A quarter of consumers believe that Olympic sponsor McDonald's is a poor fit with the Games, raising questions about the long-term sustainability of sports sponsorship by high-calorie food and drink brands.
Exclusive research commissioned by Interbrand for Marketing has revealed that McDonald’s prompts the greatest division of opinion, followed by Coca-Cola.
A quarter of consumers either strongly or completely disagreed that McDonald’s is a ‘good fit’ as an Olympic sponsor. Meanwhile, 10% of respondents strongly or completely disagreed that Coca-Cola is suitable.
Meanwhile, 32% of consumers said that the fast-food brand’s involvement conflicts with what the Olympics stands for, and 39% believed that its products and services are not relevant to the Games.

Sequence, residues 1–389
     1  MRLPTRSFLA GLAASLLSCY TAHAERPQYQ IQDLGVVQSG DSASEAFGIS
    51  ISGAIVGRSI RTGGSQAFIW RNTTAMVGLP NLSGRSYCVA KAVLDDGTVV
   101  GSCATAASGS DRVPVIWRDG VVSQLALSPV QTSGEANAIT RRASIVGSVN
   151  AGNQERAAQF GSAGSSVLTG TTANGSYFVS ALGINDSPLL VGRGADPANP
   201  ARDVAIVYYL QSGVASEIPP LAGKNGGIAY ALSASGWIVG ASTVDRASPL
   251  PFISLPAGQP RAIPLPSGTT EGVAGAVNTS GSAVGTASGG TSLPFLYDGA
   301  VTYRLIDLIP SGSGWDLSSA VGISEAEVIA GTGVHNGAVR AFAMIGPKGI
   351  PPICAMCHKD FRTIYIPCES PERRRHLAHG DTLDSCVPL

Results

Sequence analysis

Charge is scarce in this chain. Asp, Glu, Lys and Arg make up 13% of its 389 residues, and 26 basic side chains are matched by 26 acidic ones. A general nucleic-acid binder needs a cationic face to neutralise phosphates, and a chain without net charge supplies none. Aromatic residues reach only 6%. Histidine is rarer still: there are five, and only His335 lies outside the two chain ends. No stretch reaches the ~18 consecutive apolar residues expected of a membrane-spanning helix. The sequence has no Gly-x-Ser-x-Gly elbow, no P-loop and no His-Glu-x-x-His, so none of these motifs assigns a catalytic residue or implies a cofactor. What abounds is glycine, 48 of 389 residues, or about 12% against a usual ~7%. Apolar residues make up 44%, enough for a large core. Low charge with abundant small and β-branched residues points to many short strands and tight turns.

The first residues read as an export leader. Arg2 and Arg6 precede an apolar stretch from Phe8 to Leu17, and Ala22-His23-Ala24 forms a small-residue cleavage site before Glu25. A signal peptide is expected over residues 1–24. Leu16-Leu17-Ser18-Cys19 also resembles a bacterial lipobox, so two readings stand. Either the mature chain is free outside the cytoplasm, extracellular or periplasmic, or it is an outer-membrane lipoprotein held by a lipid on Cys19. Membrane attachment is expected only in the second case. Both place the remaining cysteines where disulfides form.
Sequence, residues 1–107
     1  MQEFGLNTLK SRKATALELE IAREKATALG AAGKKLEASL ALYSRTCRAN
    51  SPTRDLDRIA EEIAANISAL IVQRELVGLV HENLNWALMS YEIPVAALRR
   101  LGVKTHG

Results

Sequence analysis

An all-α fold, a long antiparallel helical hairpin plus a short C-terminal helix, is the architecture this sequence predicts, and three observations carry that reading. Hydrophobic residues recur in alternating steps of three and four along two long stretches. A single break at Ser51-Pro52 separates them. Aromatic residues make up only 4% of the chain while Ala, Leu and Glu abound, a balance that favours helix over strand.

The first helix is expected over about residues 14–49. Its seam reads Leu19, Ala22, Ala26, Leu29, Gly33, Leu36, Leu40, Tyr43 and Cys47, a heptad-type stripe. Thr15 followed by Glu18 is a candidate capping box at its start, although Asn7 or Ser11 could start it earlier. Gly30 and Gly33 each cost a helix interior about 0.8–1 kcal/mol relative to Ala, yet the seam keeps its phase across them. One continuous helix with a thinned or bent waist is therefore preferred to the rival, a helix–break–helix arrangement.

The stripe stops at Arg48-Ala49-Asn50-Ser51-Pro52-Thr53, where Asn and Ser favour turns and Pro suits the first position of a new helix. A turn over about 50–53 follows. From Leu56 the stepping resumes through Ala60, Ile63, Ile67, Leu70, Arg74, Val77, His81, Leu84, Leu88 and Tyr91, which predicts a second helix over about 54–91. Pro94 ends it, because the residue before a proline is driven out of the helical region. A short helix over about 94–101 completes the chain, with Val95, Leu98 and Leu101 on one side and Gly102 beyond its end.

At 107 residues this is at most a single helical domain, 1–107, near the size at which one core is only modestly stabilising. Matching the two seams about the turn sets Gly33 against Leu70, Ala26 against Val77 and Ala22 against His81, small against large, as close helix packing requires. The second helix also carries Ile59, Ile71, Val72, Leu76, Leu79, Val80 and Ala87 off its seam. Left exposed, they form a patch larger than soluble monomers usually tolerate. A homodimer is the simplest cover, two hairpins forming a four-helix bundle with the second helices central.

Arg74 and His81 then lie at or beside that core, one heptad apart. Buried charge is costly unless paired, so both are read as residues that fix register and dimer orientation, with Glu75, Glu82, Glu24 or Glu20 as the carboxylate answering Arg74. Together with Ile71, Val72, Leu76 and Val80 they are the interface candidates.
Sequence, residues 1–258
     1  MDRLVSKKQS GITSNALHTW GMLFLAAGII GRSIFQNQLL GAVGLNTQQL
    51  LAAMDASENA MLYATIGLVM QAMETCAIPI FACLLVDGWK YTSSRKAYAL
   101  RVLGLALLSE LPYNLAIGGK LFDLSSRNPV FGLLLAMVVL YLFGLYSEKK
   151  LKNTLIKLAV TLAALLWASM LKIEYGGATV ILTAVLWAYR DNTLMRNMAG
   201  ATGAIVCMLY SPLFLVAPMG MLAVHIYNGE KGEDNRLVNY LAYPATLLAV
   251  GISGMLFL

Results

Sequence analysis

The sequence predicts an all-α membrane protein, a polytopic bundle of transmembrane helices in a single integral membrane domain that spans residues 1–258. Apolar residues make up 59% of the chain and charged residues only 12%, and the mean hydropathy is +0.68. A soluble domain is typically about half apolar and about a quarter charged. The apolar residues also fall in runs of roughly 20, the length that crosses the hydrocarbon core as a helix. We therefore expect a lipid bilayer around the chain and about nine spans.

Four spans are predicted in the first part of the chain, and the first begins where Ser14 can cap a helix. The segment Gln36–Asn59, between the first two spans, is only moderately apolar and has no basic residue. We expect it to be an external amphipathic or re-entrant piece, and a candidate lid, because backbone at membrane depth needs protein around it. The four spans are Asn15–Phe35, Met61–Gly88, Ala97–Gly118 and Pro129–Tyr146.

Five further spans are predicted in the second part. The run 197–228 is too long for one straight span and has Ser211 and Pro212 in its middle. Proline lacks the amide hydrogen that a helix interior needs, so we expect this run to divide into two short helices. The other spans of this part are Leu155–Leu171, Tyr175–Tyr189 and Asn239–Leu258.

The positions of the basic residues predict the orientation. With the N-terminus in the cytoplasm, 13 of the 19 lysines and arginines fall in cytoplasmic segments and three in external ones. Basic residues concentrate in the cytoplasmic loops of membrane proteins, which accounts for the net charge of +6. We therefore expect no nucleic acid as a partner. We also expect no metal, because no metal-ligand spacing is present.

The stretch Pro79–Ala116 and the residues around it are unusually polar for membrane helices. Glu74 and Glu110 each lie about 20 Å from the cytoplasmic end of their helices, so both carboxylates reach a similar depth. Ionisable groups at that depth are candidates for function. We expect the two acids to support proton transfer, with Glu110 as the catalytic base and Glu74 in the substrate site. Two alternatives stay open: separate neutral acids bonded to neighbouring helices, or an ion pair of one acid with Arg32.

A spokeswoman for McDonald’s defended its sponsorship: ‘Our long-term commitment to the Olympic Games has provided us with the opportunity to develop exciting programmes for our customers and for our people.’
She added: ‘Sponsorship is essential to the Olympics, and as a London 2012 sponsor, we are using our catering and customer-service expertise to provide high-quality British food, and help train the 70,000 volunteers that will be needed to make the Games a success.’
Adidas was ranked as the most appropriate Olympic partner; 59% of consumers said that its sponsorship is a good fit.
However, in better news for McDonald’s, it was the second-most spontaneously recalled sponsor, with 35% of respondents recognising its tie-up.
The brand came second only to Coca-Cola, which had a 42% unprompted recall rate. Consumer interest in what has been dubbed the ‘first social-media Olympics’ has been growing steadily since the beginning of the year.
According to Interbrand, 4m tweets mentioning the Olympics have been sent in the past year.
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